21 12.5 Completion of an over Other than at the end of the match, if the agreed time for an interval is reached during an over, the over shall be completed before the interval is taken, except as provided for in clause when less than 3 minutes remains before the time agreed for the next interval, the interval shall be taken immediately if: either a batsman is dismissed or retires; or the players have occasion to leave the field, whether this occurs during an over or at the end of an over. Except at the end of an innings, if an over is thus interrupted it shall be completed on the resumption of play Conclusion of match The match is concluded as soon as a result as defined in clauses 16.1 to 16.5 (The result) is reached as soon as both the minimum number of overs for the last hour are completed and the agreed time for close of play is reached, unless a result is reached earlier The match is concluded if, without a conclusion having been reached under , the players leave the field for adverse conditions of ground, weather or light, or in exceptional circumstances, and no further play is possible Hours of Play; Minimum Overs Requirement The Home Board shall determine the hours of play, subject to there being 6 hours scheduled play per day, and subject to: Minimum Overs in the Day Subject to clause below: On days other than the last day, play shall continue on each day until the completion of a minimum target of 90 overs (or a minimum of 15 overs per hour) or the completion of the scheduled or rescheduled cessation time, whichever is the later but provided that play shall not continue for more than 30 minutes beyond the scheduled or rescheduled cessation time (permitted overtime). For the sake of clarity, if any of the minimum target number of overs have not been bowled at the completion of the permitted overtime, play shall cease upon completion of the over in progress. The overs not bowled shall not be made up on any subsequent day On the last day, a minimum of 75 overs (or a minimum of 15 overs per hour) shall be bowled during the playing time other than the last hour of the match where clause below shall apply. If any of the minimum of 75 overs, or as recalculated, have not been bowled when one hour of the scheduled playing time remains, the last hour of the match for the purposes of clause shall be the hour immediately following the completion of these overs Reduction in minimum overs Except in the last hour of the match, for which clause makes provision, if play is suspended due to adverse weather or light or any other reason (other than normal intervals) for more than 1 hour on any day, the minimum number of overs shall be reduced by 1 over for each full 4 minutes of the aggregate playing time lost. For the avoidance of doubt, the aggregate of 1 hour shall be inclusive of any time that may have 18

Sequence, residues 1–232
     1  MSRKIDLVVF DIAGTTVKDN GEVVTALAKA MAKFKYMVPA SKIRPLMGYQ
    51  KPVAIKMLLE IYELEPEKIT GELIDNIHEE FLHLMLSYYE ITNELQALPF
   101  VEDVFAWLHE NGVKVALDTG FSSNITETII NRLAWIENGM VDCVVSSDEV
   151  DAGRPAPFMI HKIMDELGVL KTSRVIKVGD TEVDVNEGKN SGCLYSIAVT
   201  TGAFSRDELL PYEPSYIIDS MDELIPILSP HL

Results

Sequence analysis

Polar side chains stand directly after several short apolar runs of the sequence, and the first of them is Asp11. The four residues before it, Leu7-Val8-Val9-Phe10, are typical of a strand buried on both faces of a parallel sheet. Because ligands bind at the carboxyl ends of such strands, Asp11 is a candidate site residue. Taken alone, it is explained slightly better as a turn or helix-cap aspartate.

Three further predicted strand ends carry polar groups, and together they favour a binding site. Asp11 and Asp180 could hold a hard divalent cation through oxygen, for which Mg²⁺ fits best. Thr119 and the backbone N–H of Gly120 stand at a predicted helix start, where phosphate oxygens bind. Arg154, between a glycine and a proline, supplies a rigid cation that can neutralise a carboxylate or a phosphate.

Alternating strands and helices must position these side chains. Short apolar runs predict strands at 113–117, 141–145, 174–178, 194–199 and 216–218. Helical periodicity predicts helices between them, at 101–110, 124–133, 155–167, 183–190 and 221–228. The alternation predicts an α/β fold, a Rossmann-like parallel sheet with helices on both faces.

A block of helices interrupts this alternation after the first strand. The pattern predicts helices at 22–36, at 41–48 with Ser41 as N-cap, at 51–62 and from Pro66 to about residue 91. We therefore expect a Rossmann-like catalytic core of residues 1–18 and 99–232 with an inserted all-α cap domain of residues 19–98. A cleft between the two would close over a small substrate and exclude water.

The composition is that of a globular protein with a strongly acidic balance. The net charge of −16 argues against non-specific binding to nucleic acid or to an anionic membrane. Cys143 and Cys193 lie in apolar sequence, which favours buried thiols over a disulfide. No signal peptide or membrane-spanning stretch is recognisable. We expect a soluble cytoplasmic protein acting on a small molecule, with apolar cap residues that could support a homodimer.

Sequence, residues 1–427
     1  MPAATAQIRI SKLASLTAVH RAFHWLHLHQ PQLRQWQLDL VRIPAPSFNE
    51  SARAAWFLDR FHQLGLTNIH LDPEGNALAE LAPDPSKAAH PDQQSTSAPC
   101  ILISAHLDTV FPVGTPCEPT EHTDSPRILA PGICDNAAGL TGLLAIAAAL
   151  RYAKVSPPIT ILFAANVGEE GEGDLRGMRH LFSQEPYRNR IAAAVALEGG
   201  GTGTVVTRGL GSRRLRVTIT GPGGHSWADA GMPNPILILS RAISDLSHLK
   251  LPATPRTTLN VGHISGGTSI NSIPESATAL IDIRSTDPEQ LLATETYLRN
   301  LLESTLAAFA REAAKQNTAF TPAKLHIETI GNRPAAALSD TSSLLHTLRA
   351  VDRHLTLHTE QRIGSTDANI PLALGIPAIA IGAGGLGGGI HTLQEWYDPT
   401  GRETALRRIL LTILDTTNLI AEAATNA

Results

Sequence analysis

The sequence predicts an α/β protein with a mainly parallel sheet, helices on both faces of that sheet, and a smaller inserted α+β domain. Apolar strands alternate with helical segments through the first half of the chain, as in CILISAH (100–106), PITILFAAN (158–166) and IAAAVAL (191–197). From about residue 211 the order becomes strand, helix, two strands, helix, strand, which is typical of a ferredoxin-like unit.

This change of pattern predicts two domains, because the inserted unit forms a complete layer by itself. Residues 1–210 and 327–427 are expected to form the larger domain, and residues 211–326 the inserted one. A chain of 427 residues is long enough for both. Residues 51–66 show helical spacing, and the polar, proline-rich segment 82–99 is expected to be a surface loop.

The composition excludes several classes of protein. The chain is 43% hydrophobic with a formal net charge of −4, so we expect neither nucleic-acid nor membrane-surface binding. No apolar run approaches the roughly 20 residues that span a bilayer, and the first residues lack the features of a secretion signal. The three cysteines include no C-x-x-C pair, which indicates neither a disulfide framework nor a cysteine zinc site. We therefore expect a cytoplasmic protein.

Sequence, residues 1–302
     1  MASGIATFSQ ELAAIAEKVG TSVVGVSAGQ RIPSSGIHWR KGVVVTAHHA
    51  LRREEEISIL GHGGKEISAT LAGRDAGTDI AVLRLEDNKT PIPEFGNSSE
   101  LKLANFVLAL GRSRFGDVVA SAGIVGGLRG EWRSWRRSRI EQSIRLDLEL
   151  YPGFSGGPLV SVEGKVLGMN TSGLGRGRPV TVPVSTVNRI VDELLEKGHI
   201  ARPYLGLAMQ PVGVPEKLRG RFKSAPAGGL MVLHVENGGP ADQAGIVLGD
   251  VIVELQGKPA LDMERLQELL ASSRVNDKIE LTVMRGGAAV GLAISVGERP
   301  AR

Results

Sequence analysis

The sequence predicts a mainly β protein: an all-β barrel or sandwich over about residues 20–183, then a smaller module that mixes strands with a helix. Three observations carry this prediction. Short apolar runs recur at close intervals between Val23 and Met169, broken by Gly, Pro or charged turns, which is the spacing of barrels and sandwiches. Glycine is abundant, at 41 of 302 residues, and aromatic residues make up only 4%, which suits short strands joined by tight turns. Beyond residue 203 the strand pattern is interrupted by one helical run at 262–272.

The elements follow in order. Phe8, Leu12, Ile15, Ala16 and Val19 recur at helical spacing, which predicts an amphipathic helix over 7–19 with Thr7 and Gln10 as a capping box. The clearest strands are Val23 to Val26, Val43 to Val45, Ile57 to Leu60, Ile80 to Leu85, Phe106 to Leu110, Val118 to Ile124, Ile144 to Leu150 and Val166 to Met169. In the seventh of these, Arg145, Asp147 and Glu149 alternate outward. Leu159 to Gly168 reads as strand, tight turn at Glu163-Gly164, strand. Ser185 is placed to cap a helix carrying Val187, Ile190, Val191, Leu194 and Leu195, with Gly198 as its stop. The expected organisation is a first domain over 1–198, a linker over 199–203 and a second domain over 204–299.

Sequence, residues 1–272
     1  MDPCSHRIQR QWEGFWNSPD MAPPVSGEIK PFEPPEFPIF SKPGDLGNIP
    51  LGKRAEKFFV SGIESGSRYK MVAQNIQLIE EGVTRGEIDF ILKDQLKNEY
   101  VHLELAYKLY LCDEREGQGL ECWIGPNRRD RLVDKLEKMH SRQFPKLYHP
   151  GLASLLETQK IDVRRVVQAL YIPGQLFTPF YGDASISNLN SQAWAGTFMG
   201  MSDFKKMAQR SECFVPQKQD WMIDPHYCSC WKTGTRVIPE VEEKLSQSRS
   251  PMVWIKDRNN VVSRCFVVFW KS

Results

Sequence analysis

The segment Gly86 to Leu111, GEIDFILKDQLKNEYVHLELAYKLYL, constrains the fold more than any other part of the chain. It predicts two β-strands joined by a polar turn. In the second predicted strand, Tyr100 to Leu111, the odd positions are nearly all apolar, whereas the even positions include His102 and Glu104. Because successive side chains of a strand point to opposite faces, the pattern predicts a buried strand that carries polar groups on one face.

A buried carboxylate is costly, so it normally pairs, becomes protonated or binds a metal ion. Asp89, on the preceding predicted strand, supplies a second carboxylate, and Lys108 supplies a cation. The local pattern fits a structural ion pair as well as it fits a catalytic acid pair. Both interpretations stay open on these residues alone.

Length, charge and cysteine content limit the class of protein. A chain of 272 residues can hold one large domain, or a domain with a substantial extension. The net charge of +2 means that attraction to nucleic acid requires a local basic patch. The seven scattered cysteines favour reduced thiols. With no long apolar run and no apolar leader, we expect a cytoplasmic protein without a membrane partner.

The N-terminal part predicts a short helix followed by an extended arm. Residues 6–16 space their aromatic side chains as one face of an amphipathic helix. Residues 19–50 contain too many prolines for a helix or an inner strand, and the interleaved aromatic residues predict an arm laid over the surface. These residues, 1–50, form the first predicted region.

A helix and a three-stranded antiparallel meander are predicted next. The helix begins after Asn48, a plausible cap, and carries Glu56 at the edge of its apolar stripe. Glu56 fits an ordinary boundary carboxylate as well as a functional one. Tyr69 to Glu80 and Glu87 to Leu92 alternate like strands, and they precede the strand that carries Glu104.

22 been brought forward from previous days due to playing time lost on such previous days under clause below Making Up Lost Time On The Day On Subsequent Days Subject to weather and light, except in the last hour of the match, in the event of play being suspended for any reason other than normal intervals, the playing time on that day shall be extended by the amount of time lost up to a maximum of 1 hour. For the avoidance of doubt, the maximum of 1 hour shall be inclusive of any time that may have been added to the scheduled playing time due to playing time having been lost on previous days under clause below. If any time is lost and cannot be made up under clause above, additional time of up to a maximum of 30 minutes per day shall be added to the scheduled playing hours for the next day, and subsequent day(s) as required (to make up as much lost time as possible). Where appropriate this additional time shall be added prior to the scheduled start of the first session. In circumstances where it is not possible to add this additional time prior to the scheduled start of the first session, the additional time may be added to the second and/or the third sessions (see also clause ). When such additional time is added, the minimum overs for that day shall be increased by one over for each four minutes of additional time or part thereof On the Last Day only (refer to Appendix E) Clause applies. However, for the purposes of this clause, the definition of playing time shall exclude the last hour. No time is made up in respect of any interruptions that commence after the start of the last hour. Should play be interrupted prior to the last hour being signalled, the playing time lost will be made up (subject to the maximum of 1 hour described in (a) above) with the previously scheduled time for the last hour being updated to reflect the time made up during this interruption. In order to determine the minimum overs to be bowled prior to the last hour and the rescheduled starting time for the last hour, it is necessary to complete the template in Appendix E For Day/Night Test matches, the participating teams may agree on the following: Change of Intervals - The maximum amount of make-up time to be used on the day up to no more than 1 hour; - The maximum make-up time to be added to subsequent days up to no more than 30 minutes per day; and - When the make-up time is to be allocated across subsequent days If play has been suspended for any reason other than normal intervals for 30 minutes or more prior to the commencement of the scheduled or rescheduled tea interval on that day, the tea interval shall be delayed for 30 minutes Notwithstanding the provisions of clause above, the timings of intervals can be altered under clause 11.4 at any time on any day if playing time has been lost irrespective of whether the time has been lost on that day or on any previous days Change of Innings Where there is a change of innings during a day s play (except where the change of innings occurs at lunch or tea or when play is suspended for any reason) 2 overs will be deducted from the minimum number of overs to be bowled. The over in progress at the end of an innings is regarded as a completed over for the purposes of determining the minimum number of remaining overs to be bowled in the day, except when the change of innings occurs in the last hour of the match (see clause ). 19